Anabolic steroids are synthetic substances related to male sex hormones (androgens). Although it is illegal in the United States to possess or distribute anabolic steroids for nonmedical use, a "black market" for them exists, and many amateur and professional athletes take them to enhance performance. In many cases, the athletes take doses that are extremely high—perhaps 100 times the doses that might be prescribed for medical use. As a result, they put themselves in real danger of short-term and long-term health problems. Blood testing, as has been used in the Olympic Games, can detect, identify, and quantify the presence of anabolic steroids in the blood of athletes, which can lead to the disqualification of an athlete.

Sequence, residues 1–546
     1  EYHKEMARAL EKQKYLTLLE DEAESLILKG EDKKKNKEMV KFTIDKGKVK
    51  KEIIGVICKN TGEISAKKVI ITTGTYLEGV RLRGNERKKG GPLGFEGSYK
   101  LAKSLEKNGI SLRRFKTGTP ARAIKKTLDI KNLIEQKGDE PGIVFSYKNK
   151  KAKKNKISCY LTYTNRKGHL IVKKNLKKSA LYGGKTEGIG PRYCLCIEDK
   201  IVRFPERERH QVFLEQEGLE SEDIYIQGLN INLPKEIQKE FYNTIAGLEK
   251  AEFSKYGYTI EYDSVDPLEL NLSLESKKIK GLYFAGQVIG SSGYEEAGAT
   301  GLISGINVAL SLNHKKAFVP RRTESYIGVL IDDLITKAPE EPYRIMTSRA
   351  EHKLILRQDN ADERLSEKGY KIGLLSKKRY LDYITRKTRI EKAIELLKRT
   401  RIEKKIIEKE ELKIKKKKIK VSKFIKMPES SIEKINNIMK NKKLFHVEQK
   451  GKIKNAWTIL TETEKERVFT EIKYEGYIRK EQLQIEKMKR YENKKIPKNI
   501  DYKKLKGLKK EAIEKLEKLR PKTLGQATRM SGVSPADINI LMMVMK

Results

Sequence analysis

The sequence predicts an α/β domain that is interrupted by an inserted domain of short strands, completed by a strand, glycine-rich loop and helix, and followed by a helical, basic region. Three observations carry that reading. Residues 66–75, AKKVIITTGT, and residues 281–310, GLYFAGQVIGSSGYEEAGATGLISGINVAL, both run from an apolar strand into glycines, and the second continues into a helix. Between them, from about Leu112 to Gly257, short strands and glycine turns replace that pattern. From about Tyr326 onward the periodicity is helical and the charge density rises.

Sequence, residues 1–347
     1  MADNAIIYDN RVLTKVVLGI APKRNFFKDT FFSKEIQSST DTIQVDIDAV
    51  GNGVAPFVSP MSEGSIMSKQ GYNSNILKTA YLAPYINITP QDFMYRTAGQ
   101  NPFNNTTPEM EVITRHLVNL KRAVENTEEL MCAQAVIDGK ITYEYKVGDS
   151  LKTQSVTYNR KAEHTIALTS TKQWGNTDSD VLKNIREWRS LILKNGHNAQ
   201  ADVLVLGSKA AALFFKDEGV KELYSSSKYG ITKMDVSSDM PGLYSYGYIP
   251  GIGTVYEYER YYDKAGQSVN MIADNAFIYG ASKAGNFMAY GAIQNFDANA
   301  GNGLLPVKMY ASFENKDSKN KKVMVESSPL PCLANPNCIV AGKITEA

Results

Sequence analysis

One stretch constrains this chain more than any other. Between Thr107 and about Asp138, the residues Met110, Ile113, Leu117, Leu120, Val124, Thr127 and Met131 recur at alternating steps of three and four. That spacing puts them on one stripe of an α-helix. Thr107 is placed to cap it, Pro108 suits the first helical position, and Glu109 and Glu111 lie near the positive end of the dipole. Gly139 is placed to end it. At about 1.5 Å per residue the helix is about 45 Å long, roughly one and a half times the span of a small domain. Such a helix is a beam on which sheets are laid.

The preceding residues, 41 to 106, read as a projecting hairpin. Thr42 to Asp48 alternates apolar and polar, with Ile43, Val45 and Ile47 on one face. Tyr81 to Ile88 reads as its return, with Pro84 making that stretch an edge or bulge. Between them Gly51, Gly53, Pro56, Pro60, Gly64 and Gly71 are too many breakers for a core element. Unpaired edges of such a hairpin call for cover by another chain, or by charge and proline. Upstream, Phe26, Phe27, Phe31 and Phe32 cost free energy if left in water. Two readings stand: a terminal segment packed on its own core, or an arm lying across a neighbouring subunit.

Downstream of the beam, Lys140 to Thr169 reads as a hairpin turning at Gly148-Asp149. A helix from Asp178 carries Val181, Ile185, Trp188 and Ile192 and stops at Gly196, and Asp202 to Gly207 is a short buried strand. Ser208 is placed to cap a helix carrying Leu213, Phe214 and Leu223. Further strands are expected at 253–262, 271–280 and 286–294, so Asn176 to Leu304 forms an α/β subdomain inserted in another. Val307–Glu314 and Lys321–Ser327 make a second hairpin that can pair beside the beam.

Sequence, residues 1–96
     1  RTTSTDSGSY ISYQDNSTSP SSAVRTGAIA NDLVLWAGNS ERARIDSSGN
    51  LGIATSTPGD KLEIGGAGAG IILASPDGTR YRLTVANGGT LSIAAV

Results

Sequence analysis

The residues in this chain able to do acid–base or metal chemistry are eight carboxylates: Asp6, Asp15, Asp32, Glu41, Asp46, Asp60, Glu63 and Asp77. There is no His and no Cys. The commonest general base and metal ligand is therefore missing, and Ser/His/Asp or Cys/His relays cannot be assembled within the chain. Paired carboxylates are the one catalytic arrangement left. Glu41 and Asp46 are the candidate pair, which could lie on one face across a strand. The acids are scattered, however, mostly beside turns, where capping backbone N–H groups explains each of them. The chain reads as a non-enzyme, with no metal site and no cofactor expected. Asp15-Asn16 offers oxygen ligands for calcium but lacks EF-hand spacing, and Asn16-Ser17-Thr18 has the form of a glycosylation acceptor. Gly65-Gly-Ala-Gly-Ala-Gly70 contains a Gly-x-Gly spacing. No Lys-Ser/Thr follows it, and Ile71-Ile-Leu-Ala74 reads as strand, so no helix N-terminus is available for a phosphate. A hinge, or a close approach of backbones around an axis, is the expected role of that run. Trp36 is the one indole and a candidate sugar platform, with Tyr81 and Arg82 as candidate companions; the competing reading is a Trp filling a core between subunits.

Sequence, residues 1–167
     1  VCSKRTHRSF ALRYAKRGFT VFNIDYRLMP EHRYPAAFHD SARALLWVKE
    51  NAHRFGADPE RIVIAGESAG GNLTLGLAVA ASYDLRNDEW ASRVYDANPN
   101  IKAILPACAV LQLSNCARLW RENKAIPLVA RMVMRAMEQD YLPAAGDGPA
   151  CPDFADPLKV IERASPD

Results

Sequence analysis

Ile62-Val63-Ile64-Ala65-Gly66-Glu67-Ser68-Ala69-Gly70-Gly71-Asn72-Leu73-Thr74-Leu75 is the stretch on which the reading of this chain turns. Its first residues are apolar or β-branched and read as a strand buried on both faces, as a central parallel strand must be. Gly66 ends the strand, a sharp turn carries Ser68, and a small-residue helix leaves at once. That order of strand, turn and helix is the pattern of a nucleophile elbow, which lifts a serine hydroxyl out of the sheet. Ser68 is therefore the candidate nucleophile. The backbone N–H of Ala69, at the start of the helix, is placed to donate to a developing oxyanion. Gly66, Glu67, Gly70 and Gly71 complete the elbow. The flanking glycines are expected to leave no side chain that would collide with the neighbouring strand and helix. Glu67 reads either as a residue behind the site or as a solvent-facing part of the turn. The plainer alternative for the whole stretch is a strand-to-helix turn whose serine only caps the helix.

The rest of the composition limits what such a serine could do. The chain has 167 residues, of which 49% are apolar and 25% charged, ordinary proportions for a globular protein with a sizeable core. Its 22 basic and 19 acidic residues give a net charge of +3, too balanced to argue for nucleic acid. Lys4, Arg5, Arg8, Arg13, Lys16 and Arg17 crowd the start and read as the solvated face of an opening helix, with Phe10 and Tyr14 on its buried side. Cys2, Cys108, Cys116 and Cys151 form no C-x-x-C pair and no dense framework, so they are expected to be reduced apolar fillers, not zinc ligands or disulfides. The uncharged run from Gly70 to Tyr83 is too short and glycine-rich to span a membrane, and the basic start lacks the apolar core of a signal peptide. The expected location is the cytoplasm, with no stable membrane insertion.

The effect of solubilization by micelles on the transport of steroids across microporous membranes has been studied theoretically and experimentally. Our theoretical model requires the following parameters: micelle and drug diffusion coefficients in free solution, the distribution coefficient of the drug between the bulk and micellar phases, and micelle and membrane pore radil. The steroids used were hydrocortisone, testosterone, and progesterone. Since the model accounts for the flux of free drug as well as micelle-solubilized drug, the distribution coefficient of the drug between micelles and the aqueous phase had to be determined by solubilization experiments for each of the steroids. Membrane pore diameters, as determined by scanning electron microscopy (SEM) and transmission electron microscopy (TEM), ranged from ˜500 to 4000 A. Steroid diffusion coefficients were calculated from membrane diffusion experiments. Quasi-elastic light scattering was used to find the free-solution diffusion coefficients and hydrodynamic radii of the micelles. With these experimentally determined parameters, the model is shown to be capable of predicting the rate of transport of micelle-solubilized drugs through microporous membranes. The application of our model to the design of controlled-release devices is also discussed.